Doris Schneider was born in Texas, and lived all over the U.S. and Canada. After thirty-three years of teaching theatre at William Carey University in Hattiesburg, Mississippi and North Carolina Central University in Durham, Doris retired to little Washington where she paints, designs jewelry, plays violin and writes. Doris has published two novels: Borrowed Things and By Way of Water and has short stories in the anthology, A Carolina Christmas. She is currently seeking publication for her novella, Drummer Girl. Her time is divided between the NC coast and the mountains, where her husband Jim Coke raises wildflowers.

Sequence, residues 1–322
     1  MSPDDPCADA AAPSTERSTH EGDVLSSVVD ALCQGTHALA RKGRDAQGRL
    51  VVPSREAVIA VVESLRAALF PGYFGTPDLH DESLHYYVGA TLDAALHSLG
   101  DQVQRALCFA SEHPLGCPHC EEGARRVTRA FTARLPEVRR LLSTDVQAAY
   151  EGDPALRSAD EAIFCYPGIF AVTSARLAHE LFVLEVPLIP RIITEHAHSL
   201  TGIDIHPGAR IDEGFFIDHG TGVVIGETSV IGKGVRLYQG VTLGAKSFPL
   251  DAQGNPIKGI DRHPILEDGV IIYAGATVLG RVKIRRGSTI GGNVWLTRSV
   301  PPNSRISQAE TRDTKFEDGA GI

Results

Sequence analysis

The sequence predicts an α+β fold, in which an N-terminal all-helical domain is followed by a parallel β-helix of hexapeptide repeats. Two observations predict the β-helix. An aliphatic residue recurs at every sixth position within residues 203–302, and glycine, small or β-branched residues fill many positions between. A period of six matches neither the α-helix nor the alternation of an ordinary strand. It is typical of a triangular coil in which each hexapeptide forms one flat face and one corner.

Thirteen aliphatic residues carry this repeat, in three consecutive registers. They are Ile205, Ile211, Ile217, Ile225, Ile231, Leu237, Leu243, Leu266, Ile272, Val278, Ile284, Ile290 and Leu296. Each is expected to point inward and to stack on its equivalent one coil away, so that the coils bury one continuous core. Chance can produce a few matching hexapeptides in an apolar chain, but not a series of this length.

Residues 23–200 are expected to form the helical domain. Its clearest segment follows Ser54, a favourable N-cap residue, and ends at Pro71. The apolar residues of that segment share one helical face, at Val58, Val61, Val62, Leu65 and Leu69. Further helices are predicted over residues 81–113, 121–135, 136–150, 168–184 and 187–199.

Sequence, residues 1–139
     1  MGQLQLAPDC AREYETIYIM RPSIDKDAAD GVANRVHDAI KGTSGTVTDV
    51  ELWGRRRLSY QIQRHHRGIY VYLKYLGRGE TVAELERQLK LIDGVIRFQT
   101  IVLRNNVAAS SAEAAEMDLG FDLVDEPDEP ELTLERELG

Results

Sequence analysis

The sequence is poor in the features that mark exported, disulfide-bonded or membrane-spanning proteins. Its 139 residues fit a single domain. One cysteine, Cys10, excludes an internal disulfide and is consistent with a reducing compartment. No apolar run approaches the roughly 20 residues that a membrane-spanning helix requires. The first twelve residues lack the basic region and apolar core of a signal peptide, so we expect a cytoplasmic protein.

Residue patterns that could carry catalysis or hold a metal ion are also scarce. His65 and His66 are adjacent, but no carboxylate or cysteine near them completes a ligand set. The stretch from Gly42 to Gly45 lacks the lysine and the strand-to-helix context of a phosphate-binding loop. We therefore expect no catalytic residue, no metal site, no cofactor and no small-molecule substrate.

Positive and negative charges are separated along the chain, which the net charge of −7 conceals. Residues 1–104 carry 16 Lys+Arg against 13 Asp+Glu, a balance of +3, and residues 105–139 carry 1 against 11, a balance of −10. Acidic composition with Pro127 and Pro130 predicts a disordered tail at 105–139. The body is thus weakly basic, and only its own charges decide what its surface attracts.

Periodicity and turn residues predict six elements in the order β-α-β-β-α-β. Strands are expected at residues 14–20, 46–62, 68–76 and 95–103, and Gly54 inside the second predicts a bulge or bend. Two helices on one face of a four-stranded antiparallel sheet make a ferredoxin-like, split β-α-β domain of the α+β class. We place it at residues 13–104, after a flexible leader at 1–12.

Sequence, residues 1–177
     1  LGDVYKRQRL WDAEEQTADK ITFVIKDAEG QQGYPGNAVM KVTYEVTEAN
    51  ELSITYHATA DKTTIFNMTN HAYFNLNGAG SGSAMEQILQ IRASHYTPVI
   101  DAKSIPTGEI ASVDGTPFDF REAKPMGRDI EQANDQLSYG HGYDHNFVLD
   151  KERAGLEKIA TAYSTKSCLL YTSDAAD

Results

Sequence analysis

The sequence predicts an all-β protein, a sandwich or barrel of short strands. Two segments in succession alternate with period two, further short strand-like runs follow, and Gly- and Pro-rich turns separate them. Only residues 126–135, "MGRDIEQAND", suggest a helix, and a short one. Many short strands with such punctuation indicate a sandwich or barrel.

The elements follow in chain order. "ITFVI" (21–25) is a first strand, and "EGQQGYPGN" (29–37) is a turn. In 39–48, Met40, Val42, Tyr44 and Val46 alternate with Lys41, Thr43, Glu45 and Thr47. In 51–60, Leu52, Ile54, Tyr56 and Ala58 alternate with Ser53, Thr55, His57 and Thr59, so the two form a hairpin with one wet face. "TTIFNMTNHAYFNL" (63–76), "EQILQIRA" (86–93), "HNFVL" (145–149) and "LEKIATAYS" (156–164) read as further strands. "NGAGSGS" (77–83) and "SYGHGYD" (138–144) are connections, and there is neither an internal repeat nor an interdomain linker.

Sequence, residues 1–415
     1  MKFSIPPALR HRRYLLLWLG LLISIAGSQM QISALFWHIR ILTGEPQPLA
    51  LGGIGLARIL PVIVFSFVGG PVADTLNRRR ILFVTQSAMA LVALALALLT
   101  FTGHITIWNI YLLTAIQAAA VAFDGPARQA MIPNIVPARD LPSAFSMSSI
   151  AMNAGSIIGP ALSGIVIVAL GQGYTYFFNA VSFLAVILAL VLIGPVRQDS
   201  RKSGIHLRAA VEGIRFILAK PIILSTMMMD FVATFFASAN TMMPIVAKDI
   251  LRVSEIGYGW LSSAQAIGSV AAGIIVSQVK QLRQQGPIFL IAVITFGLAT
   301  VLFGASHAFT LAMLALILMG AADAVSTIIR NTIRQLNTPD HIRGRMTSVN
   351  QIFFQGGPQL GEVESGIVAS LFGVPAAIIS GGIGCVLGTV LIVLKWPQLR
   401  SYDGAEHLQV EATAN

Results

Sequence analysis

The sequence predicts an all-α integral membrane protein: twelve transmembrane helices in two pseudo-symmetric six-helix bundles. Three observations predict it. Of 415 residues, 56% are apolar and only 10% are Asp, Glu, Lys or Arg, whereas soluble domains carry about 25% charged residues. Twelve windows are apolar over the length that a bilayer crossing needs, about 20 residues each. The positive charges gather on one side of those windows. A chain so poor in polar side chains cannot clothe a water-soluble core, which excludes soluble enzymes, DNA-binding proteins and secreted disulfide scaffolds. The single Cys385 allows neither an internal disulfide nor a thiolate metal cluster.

Hallo! I would like to introduce myself as Dylan Fink, an aspiring writer. One of my favorite pastimes is reading, and I always loved to do so. Books created a gateway for my own imagination to blossom into something more than just a simple thought. With my imagination, I could create mass expanses of terrain, huge worlds where people of all types could live. Deep space battles, magical beings, gods fighting over the planet. I want to inspire other people to use their imagination in writing and in reading. That is my goal in writing, and I hope you enjoy.
Eileen Lettick is a former elementary classroom teacher and staff developer. After 30 years in the classroom, she continued her mission in literacy—changing readers into writers. Eileen has presented literacy workshops to teachers and administrators on the east coast from New Hampshire to Florida. She maintains her literacy resource website for parents, teachers, and students-- scribbles-n-lit.org. Her own writing, whether fiction, nonfiction, or poetry, often develops through the eyes of strong female characters.